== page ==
TIPS AND TRICKS FOR DIGITAL RETAILERS Just as your physical products might be the central commodities of your online business, so too are the site itself and the information customers can access on it. No matter how long you’ve been peddling wares on the Internet, keeping the following questions in mind can help drive traffic and boost sales by making sure you’re creating the optimal customer experience: What products are selling the best? If I run the risk of selling out often, what are some ways to mitigate these problems? Are there any products that sell very poorly or not at all? Can I do anything to market them better or should I take them off the shelves and replace them with something else? How fast does my website load? Can users access it on both desktop and mobile devices?* Who’s my targeted audience? Are there specific niche markets I can target to grow my brand from there? Who are my competitors in this niche? What and how are they doing? Do I want to manage my own inventory or do I want to drop-ship/sell for another company? Can I supplement my own stock with thirdparty sales, either having someone sell on my behalf or vice versa? Can I run advertisements for affiliate partners in the margins for additional income? All of these questions can be answered by looking at your site’s metrics (whether Google Analytics or a variety of ecommerce plugins, depending on what platform and host you use). PAK'R MAGAZINE | 07



It’s difficult to suggest specific ways to find these methods as not everyone uses the same services and platforms, though the customer service teams for your web host are usually more than happy to direct you to the right places. I put a star (*) by mobile devices, however, as it’s increasingly important to make sure that your websites appear correctly on smartphones and tablets. According to a 201415 survey by Flurry Mobile Analytics, user growth for “Lifestyle and Shopping” mobile apps grows 81 percent year over year with general mobile usage growing about 58 percent year over year. Where desktops might more commonly secure sales, mobile access provides the best avenue for traffic growth. Luckily, most Web templates are scalable, automatically fitting a variety of screen sizes no matter what device a customer uses. It’s still smart to optimize the experience since not everything translates from big to small screen as easily as it should.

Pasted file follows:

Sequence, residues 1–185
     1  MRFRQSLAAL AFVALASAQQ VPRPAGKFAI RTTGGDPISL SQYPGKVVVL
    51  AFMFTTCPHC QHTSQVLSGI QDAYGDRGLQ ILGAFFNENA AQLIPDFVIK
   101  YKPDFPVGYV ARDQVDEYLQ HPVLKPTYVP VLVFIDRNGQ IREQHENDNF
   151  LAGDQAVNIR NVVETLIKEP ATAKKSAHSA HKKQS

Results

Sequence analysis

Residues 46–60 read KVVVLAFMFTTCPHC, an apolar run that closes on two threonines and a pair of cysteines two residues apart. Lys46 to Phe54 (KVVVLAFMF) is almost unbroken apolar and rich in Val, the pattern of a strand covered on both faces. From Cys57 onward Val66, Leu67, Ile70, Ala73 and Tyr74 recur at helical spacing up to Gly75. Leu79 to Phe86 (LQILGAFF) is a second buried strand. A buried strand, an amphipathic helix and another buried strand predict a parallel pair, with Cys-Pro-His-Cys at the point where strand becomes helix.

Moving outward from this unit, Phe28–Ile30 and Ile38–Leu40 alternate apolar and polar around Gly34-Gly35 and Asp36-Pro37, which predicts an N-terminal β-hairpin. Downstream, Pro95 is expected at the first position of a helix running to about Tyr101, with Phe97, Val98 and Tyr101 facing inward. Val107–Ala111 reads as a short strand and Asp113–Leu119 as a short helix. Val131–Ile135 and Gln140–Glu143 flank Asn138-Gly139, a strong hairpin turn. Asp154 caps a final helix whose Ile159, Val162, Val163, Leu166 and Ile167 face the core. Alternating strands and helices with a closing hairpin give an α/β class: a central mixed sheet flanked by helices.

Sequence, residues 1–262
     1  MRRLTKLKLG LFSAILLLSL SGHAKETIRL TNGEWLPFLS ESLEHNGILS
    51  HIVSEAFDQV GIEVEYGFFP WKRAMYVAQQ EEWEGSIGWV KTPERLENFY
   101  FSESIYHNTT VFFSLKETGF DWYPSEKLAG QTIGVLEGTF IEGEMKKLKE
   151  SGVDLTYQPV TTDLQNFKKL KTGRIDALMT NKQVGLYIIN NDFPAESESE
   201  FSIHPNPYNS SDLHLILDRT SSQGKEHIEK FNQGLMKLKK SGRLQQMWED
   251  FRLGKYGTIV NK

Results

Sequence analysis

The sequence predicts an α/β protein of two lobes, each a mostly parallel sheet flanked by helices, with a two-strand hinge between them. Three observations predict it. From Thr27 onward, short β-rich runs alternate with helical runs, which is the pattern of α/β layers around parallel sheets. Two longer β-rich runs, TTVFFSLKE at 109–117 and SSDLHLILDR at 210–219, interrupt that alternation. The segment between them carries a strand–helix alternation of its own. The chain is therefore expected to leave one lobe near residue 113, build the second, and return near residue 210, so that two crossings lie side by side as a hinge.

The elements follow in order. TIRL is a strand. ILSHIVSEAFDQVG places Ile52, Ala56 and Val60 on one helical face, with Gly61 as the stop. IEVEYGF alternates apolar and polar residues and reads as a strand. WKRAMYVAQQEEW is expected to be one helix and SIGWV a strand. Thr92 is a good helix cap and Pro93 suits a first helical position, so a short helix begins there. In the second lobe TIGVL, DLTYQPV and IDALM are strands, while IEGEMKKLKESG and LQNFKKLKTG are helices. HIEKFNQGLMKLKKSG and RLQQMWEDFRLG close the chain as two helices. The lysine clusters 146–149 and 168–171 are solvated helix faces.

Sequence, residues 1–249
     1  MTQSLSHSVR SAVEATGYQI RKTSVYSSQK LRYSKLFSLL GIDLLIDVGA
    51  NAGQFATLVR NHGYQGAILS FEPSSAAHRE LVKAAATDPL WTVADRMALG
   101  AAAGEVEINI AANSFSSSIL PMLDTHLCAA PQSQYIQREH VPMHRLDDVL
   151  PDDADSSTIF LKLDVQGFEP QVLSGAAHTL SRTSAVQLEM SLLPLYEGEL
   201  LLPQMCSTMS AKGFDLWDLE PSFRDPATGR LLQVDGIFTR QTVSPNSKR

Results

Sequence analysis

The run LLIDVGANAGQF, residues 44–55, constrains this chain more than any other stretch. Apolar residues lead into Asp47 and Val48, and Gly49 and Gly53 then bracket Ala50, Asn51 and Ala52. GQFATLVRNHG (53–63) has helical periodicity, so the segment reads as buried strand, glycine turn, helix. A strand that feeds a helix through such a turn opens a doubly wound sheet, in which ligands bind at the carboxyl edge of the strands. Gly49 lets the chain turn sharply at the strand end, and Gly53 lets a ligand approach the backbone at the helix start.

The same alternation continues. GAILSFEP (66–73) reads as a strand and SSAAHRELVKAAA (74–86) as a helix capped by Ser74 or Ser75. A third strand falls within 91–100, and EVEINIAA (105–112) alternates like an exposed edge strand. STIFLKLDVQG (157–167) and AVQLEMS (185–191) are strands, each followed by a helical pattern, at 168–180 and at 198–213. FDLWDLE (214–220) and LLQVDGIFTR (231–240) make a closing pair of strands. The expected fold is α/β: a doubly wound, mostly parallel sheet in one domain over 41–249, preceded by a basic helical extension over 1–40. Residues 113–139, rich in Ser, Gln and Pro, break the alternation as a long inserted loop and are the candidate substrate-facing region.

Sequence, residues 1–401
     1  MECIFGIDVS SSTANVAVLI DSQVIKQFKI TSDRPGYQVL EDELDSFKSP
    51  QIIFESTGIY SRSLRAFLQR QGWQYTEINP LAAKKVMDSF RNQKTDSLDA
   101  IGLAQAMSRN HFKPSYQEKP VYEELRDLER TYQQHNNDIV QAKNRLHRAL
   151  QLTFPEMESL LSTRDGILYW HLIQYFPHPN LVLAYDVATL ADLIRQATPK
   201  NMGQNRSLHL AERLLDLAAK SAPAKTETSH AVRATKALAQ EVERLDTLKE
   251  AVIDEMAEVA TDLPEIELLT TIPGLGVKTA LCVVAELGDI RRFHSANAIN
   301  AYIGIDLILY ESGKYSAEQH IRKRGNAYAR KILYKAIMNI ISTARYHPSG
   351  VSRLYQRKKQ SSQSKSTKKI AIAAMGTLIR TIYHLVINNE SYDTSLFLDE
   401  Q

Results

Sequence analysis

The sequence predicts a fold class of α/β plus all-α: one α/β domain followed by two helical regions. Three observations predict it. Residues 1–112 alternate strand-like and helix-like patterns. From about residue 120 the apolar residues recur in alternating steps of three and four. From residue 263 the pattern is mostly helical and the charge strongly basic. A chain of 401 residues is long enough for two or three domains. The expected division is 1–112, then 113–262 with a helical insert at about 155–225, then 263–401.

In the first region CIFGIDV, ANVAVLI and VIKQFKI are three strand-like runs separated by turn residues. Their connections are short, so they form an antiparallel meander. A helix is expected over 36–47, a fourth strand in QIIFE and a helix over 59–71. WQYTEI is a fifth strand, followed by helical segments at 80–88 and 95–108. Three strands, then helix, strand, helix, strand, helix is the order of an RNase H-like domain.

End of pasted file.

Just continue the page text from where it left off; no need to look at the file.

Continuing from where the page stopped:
Plenty of practical examples of savvy SEO exist. Grocery stores might include information on food safety, recipes promoting their local brands, or even how to compile shopping lists or make trips simpler or more affordable (without sacrificing their own sales). UPS and other delivery companies have their own blogs that cover logistics topics for small and large businesses. Heck, even this magazine is a form of digital content marketing, focusing on sustainability, packaging, and ecommerce to supplement our blog on website. 21st Century customers don’t just go to company websites for products, they go seeking expert knowledge because… well… who better to ask than those who work in that given field?

THE KEYBOARD IS MIGHTIER Since we’re on the topic of traffic growth, another way to increase visibility is to include a blog attached somewhere on your site. No, this isn’t meant to be a personal journal of what you had for breakfast or how adorable your cat is -- unless, of course, your line of business is in breakfast foods or pet supplies. With search engine optimization (or SEO) a main driving factor on how your site ranks in search results, having relevant content with search terms your customers are likely to look for is another way to capture their attention.

Running store metrics and demographic data, integrating with mobile users and social media, and producing original, yet relevant content are all great starts to building your digital dynasty. Even if you find a formula that works for you, it’s even more important to make sure it’s both scalable for growth and flexible to change with the market trends. Combining all of these aspects and mastering them will do wonders for your visibility and interaction with your customers, both building their trust while they support you financially with their own wallets as well as those of their friends. PAK'R MAGAZINE | 08





When it comes to things like climate change and protecting the environment, plastic -- especially single-use food packaging -- is seen as one of the main antagonists. Here we discuss how, while wasteful uses of any resource is bad for the environment, food packaging in and of itself might not be the devil it’s made out to be.